The benefit cap

The benefit cap puts a limit on the total amount of welfare benefits many people can be paid. Find out how the benefit cap may affect you, and what action you can take if it does.

How much is the cap?

In Wales, from 7th November 2016, the total amount of benefits that can be received by any individual or family is capped at:

  • £384.62 per week for single parents and couples with children (£20,000 per year)
  • £257.69 per week for single people (£13,400 per year).

If the total amount of benefits you receive is more than these limits, the benefit cap will apply and your Housing Benefit or Universal Credit will be reduced to bring your total benefits down to these limits.

Before 7th November 2016, the total amount you could claim in benefits was:

  • £500 per week for single parents and couples
  • £350 per week for single people.

What benefits are included in the cap?

When calculating how much benefit you receive, the total amount you, your partner and any children living with you receive from the following benefits will be added together:

  • Housing Benefit (unless you live in supported housing)
  • Income Support (IS)
  • Jobseeker’s Allowance (JSA)
  • Employment and Support Allowance (ESA) (unless you are in the support group)
  • Child Benefit
  • Child Tax Credits
  • Maternity Allowance
  • Widows Parent’s Allowance
  • Severe Disablement Allowance
  • Bereavement Allowance
  • Incapacity Benefit
  • Universal Credit (except in certain circumstances).

One-off benefit payments, such as budgeting loans, are not taken into account.

Before 7 November 2016 Carer’s and Guardian’s Allowance were also taken into account, but these are now ignored.

Who is affected by the benefit cap?

The benefit cap only applies to people of working age. You will probably be affected by the cap if you are out of work and claiming benefits such as income support, jobseeker’s allowance or employment and support allowance.

The benefit cap will not apply if:

  • you are of state pension age
  • you or your partner are working and receive Working Tax Credit (or work enough hours to claim them)
  • you or your partner receive certain disability benefits:
    • Disability living allowance (DLA)
    • Personal independence payment (PIP)
    • Attendance allowance (AA)
    • The support component of Employment and Support Allowance (ESA)
    • Industrial injuries disablement benefit
  • you receive war widows or war widowers pensions
  • you or your partner are working, you claim Universal Credit (UC) and you are earning at least the amount you would get for 16 hours per week on national minimum wage, ie:

25 years and older £120 per week

21 to 24 years old £112 per week

18 to 20 years old £89 per week

  • you or your partner have been in work continuously (either employed or self-employed) for 12 months and lose your job through no fault of their own. In this situation, there will be a 39 week ‘grace period’ when the cap won’t apply to your claim for benefits.

From the 7 November 2016, the benefit cap will also not apply if you (or your partner) receive Carer’s allowance or Guardian’s allowance or you are claiming Universal Credit and you (or your partner) receive the carer’s element.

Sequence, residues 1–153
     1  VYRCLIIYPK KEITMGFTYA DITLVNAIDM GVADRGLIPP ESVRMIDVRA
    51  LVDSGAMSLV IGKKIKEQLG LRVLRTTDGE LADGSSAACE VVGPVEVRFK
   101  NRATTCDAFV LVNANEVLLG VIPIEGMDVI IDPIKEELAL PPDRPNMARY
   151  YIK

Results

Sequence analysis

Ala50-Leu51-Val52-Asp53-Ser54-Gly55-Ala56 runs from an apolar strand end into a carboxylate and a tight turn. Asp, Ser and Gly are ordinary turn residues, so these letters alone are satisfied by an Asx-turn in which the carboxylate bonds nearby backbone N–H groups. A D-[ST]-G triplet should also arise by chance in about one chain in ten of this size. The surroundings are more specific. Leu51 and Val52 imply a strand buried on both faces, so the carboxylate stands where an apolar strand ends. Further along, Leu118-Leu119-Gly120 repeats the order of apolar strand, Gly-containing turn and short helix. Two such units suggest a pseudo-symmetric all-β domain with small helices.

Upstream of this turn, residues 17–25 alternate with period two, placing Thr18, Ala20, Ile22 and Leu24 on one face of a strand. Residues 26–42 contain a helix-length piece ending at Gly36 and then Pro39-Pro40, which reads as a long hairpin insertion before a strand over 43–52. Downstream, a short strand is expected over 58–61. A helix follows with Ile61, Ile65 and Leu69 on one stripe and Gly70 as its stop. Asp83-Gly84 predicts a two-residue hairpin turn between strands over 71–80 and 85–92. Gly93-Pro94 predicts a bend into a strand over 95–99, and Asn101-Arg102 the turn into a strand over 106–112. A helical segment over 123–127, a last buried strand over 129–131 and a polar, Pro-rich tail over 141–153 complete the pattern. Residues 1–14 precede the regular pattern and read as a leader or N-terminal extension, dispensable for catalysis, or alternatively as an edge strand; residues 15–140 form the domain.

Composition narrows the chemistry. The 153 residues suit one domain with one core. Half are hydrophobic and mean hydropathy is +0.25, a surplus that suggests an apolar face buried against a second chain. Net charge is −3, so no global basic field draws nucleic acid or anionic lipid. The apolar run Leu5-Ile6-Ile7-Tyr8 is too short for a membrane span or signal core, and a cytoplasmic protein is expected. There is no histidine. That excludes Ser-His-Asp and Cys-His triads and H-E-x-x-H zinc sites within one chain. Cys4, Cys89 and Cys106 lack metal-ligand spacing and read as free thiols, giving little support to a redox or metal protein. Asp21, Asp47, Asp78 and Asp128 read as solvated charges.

How much will the reduction of benefit be?

You can use Gov.uk’s online benefit cap calculator to get an estimate of how much your benefit might be reduced.

Action to take if you are affected by the benefit cap

The total amount of benefit you receive, including Housing Benefit and Universal Credit, may reduce as a result of the benefit cap. This will happen automatically.

If your income is reduced because of the benefit cap and you don’t have enough money to pay all your rent, you could fall into arrears and risk losing your home.

Paying the rent should always be your top priority. Use our online budget planner to help work out if you can reduce other costs and always try and meet your rent payments. Your local council may be able to help you with your rent by giving you a discretionary housing payment if you are facing exceptional hardship. This is usually for a short time only.

If you think that you cannot afford to pay your rent and you are starting to get into arrears then seek advice straight away. Do not ignore things because you could be evicted.

You may decide that you have no option but to move to a cheaper home. Contact your council’s housing options or homelessness service for help and advice if you think that you can on longer afford to live in your home.

The DWP has set up a bilingual helpline to answer questions about the benefit cap:

  • If you receive Universal Credit:
    • Tel : 0345 600 0723
    • Tel (Welsh): 0345 600 3018
    • Textphone: 0345 600 0743
  • If you receive any other benefits:
    • Tel: 0345 605 7064
    • Tel (Welsh): 0345 605 7066
    • Textphone: 0345 608 8551

For information from the Money Advice Service on changes to the benefit rules, click here.

Phone an adviser

If you have a housing problem, call our expert housing advice helpline
0345 075 5005

Email an adviser

If you have a non-urgent problem and would like to speak to an advisor
email us

We are sorry that we cannot provide this information in Welsh, however if you would like to speak to an adviser in Welsh please contact 0345 075 5005.

This page was last updated on: May 29, 2017

Shelter Cymru acknowledges the support of Shelter in allowing us to adapt their content. The information contained on this site is updated and maintained by Shelter Cymru and only gives general guidance on the law in Wales. It should not be regarded or relied upon as a complete or authoritative statement of the law.